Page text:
|Title:||The Phraseology of Egils Saga||Add Dissertation|
|Author:||Louis Janus||Update Dissertation|
|Email:||click here to access email|
|Institution:||University of Minnesota, Department of Germanic Philology|
|Linguistic Subfield(s):||Historical Linguistics;|
|Abstract:||This thesis presents and analyzes set phrases in the Old Norse Egils saga.. Phraseology provides the framework for identifying, classifying, and discussing these word groups. While most phraseological studies rely on native speaker judgments and intuitions, I attempt to collect and analyze set phrases in a closed corpus of a nonliving language.
Chapter One includes a general discussion of phraseology, presenting some of phraseology's definitions, assumptions and tenets. Five significant aspects that describe phraseological units and strengthen the cohesion among the constituent words are presented. Some set phrases (particularly idioms) show semantic shift among the constituent words9 meanings and the meaning of the whole phrase. Generally set phrases are ready-made, stable, have word-like quality, and are used frequently or habitually.
Chapter Two presents and describes eight types of set phrases found Egils saga. These types (with one English example) follow:
idioms (give the ax); sayings and proverbs (haste makes waste); verb plus particle constructions (give up); verbal periphrases (make a decision ); irreversible binomials (beck and call ); collocations (burning hot); narrative formulas (make a long story short); and miscellaneous phrases (strong as an ox ).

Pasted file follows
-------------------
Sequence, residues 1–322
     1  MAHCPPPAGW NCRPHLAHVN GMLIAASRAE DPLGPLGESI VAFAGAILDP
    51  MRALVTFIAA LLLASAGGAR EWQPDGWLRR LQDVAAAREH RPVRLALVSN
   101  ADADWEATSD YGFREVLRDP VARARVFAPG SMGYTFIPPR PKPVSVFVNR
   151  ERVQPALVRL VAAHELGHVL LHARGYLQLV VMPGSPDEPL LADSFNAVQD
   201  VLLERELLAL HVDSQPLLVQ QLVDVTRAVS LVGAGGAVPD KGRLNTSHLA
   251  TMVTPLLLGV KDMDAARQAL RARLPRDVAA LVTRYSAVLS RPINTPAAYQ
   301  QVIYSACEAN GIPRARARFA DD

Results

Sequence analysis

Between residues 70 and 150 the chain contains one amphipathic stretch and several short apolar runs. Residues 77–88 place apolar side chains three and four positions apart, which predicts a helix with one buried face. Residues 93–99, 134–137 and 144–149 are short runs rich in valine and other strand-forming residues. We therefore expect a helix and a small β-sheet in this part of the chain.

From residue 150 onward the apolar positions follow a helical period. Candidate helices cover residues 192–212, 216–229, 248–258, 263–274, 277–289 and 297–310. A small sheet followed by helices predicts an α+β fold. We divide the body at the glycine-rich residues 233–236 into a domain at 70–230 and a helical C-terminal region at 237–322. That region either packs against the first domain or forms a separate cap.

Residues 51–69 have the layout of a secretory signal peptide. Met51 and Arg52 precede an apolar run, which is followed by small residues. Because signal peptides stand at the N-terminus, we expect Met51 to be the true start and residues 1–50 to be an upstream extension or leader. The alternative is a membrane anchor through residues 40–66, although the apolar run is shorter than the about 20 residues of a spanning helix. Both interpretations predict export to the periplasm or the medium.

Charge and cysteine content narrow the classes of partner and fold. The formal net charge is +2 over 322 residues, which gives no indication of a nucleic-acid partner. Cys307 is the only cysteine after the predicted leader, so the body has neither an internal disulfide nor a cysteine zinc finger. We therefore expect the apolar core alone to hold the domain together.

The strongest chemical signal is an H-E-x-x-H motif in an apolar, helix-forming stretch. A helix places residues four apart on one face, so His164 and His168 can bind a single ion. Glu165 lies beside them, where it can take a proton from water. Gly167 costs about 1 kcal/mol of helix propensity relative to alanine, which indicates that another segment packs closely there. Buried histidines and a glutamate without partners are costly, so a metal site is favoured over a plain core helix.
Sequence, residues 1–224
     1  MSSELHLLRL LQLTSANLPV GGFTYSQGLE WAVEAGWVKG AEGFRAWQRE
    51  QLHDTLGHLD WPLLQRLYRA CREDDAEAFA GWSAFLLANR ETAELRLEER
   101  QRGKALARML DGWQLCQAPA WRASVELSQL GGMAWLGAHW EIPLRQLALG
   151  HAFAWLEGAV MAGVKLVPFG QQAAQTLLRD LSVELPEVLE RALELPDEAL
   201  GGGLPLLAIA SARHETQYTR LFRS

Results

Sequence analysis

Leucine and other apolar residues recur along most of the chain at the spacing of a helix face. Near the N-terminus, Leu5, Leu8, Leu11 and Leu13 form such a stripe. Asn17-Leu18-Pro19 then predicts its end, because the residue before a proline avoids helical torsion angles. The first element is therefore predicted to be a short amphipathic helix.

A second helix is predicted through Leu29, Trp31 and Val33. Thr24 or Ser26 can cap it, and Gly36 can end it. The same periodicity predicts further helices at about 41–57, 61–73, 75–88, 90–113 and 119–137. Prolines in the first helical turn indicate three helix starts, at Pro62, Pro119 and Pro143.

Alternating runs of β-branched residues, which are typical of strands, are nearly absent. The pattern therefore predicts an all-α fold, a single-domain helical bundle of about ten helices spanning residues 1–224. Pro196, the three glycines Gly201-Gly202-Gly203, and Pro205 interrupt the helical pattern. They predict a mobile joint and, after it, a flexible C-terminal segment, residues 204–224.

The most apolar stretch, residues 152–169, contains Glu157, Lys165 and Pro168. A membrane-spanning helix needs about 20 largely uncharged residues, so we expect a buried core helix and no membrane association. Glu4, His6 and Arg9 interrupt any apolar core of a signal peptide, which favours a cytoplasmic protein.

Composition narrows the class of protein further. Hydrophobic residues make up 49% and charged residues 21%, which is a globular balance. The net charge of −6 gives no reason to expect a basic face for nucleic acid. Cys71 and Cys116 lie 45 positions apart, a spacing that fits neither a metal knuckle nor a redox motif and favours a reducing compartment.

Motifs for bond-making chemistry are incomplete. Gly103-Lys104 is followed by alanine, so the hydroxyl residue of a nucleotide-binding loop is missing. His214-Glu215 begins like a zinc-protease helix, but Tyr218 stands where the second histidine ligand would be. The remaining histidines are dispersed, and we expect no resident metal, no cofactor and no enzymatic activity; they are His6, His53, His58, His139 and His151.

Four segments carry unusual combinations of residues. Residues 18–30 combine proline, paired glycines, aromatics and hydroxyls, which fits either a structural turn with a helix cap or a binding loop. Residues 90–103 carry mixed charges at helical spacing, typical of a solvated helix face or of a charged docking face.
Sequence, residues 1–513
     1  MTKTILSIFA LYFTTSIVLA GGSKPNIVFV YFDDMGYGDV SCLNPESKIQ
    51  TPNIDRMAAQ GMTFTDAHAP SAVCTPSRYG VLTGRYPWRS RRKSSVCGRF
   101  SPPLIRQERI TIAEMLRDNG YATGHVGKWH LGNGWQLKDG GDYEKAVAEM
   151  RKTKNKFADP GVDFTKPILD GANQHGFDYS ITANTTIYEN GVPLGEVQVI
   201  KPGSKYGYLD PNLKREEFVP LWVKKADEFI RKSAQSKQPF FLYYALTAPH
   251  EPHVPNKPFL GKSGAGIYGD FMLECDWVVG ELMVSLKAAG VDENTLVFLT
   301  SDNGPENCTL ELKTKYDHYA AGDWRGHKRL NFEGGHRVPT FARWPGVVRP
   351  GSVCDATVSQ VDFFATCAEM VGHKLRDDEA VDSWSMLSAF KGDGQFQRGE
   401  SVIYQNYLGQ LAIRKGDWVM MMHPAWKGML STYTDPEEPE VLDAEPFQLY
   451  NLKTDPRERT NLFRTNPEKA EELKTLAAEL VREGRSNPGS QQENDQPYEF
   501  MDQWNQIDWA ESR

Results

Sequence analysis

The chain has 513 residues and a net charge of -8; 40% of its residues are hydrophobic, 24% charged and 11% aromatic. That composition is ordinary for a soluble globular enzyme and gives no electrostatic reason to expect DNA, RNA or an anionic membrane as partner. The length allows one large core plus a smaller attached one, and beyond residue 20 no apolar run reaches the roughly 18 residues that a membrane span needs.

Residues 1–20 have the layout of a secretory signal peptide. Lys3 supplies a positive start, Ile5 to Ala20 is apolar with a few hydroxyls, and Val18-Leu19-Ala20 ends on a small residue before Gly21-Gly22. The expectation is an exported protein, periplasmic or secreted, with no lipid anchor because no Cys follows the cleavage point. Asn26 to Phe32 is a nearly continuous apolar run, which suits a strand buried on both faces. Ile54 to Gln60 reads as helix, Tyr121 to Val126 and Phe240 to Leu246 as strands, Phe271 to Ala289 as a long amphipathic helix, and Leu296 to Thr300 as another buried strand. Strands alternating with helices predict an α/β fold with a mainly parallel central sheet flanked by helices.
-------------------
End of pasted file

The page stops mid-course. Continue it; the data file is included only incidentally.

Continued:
Phraseology's definitions and guidelines for determining membership in a type of set phrase are often ambiguous and problematic.
Chapter Three presents and analyzes every occurrence in Egils saga of the general verb taka 'take' with an accusative noun. The goal is to determine if there is a relationship between syntactic and morphological features of these constructions and their phraseological qualities, including semantic shifts and idiomaticity. For each of the 149 examples, I note which of nine features are exhibited. Features included, among others: 1. modification of the noun; 2. more than the noun as object; 3. presence of an adverb; and 4. compound noun.
When I analyzed the phrases grouped by the total number of exhibited features, I found weak evidence that the fewer the number of features, the more rigid the phrase, and the more likely it is to be idiomatic. In addition, nouns with fewer features had less freedom to combine elsewhere in the saga.